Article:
The B65, 2014’s POY, my least favorite of all the POYs, but in the MC treatment it Peterson’s language comes to life: massive, masculine, full of sunlight. You can check out the Smokingpipes video and notes here.
Coming back closer to my realm of pipe-possibilities is the Ebony Tank Spigot, shape D19, from the 2010 Mark Twain collection. This unique realization, with its sterling spigot and rim cap, is surprising and even a little startling, and gives off a kind of steampunk aura to me, like it’s ready for some serious mind-bending adventures.
At the opposite end of the spectrum from the LT Ebony Spigot comes this exquisite high-grade Dublin & London B10. We haven’t seen many pipes from this 2016 line because of the high-quality grain requirements, but when they are released, they are always something to behold.
This 124 cutty shape is a scarce and unusual entry in the Peterson shape catalog. Its first appearance is seen in the 1950 Briars by Peterson’s White Catalog. It then appears in a 1973 shape chart from Associated Imports (see below, fourth row down). It also appeared in the 1996 Old English Collection and has been seen in the churchwarden releases of recent years. The chamber is too small for me, but the lines on this Flame Grain with its stretch acrylic marmalade mouthpiece, are beautiful.
This House Pipe, purportedly used in an Alfred Hitchcock film, is one of those outrageous pipes that used to have a prominent place in any truly respectable tobacconist’s shop. This one looks like it could have been made anywhere from the late 1950s through the 1980s, but I couldn’t get any information on whether it had a hallmark or not.
The Cork is another seldom-seen line, this pipe from the collection of the Snowy Owl, Thomas Carrollan. The glossary in the Peterson book gives this information:
Cork c. 2000 – Higher-grade orange stain line, no band, 9mm filter, with amber-colored acrylic fishtail stem and aluminum P. European-market only.
It’s also one of the earliest (if not the earliest) of Peterson acrylic mouthpieces. I’ve just recently discovered this shape on my own: the 68 is a real chunk, a handful of solid briar. It may not look it in the picture, but it’s a big, solid piece of smoking furniture, as big or bigger than the 307 / XL90, but cut not for System use but for an army or navy-mount. I’ll talk more about it in another blog.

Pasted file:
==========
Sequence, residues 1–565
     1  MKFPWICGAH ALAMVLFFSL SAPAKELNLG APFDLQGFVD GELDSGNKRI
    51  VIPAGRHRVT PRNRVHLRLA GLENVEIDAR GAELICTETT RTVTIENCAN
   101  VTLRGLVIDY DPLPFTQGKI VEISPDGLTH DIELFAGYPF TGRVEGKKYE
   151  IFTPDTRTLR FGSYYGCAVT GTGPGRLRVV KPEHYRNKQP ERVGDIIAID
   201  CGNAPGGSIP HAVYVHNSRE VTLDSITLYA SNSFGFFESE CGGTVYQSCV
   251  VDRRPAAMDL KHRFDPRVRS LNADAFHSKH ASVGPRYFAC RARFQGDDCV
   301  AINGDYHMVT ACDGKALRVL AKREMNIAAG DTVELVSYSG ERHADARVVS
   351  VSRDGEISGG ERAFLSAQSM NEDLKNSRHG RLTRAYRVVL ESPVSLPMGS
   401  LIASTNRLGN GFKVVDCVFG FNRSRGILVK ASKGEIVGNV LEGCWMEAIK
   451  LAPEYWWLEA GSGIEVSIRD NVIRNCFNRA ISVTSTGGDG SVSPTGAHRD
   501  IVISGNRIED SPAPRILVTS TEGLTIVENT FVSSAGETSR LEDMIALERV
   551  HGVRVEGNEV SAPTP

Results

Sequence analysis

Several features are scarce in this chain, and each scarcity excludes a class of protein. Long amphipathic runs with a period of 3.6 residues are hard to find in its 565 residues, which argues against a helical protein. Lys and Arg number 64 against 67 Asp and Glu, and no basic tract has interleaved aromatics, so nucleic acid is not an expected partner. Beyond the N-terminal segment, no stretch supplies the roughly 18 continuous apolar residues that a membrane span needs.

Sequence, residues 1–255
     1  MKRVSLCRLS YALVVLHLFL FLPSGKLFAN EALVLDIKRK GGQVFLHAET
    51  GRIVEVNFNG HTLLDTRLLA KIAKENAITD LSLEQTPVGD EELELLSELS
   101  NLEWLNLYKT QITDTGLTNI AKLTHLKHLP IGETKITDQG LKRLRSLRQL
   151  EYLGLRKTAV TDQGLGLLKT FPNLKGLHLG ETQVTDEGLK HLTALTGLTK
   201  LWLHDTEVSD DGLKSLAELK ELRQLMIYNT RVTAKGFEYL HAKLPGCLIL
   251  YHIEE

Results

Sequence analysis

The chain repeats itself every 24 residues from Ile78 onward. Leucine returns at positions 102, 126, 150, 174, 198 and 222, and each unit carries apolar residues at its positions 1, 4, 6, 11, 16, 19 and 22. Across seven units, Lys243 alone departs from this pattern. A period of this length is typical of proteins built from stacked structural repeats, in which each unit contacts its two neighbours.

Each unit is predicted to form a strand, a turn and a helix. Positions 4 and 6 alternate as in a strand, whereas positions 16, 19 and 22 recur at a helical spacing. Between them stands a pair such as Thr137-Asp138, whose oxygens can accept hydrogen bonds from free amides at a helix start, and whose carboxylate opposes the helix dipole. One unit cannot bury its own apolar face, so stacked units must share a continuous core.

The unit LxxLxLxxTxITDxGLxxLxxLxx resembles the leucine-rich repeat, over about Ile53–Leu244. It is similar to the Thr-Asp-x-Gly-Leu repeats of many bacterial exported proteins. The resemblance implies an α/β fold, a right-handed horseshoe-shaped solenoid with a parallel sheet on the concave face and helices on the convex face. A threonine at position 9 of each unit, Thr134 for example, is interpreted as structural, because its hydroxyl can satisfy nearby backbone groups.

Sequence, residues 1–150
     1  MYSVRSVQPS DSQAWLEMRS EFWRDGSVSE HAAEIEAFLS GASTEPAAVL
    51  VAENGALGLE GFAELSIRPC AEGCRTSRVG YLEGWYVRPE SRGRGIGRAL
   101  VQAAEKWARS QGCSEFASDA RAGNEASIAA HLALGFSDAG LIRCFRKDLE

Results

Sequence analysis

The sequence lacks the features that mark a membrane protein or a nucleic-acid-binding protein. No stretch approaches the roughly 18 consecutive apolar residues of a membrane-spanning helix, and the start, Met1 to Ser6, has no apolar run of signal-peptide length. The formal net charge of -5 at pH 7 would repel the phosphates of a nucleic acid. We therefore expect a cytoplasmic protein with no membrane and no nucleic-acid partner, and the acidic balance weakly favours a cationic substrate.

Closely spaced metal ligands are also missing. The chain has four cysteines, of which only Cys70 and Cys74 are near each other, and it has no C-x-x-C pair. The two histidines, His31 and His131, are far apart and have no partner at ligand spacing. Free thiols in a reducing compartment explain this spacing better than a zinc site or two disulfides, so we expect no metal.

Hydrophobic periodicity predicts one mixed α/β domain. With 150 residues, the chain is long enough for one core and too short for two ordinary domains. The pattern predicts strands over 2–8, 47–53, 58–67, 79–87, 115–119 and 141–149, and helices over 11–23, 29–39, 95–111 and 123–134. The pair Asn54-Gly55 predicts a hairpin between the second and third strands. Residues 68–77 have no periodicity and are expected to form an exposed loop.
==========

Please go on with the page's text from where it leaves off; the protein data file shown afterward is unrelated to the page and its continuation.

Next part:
The B5 was the earliest of the B shapes to find a lasting place in the shape chart, back in the early 1990s. This gold-band Supreme, hallmarked for 1998, shows us why: it’s just a classic. It’s from Al Jones’s collection.
Here’s another line we won’t see here in the US, Mario Lubinski’s Rugby, a matte green finish with a white striated acrylic mouthpiece and hot foil P, with, of course, the obligatory Lubinski sterling mount. Many of the ferrules, as you can see in the 05 and XL20 above, feature the Hinch mount.
And I’ll end with what is surely the finest small batch line Peterson has ever made, in collaboration with Laudisi (Smokingpipes.com): the Arklow. As the B10 just recently appeared, I thought I’d share it with you.
And of course,
I can’t end without a shot of my favorite
Peterson shape – where are they getting these XL339s? –
in its Arklow dress:
Seen at top: Makers Series 1 of 10, shape B42
Thanks to all the usual folks for use of their photos–
they’re all listed in the Blogroll.
Fumare in pace
There are folks who are passionate about pipes, those who are passionate about selling pipes, and those who are passionate about Peterson pipes. But how many people do you know that comfortably fit in all three circles? Few, I’d think, especially of that final category. But Kris Parry at the Black Swan Shoppe is one of the few. You may remember him from an earlier blog I did on Peterson’s rarest line, the Plato.*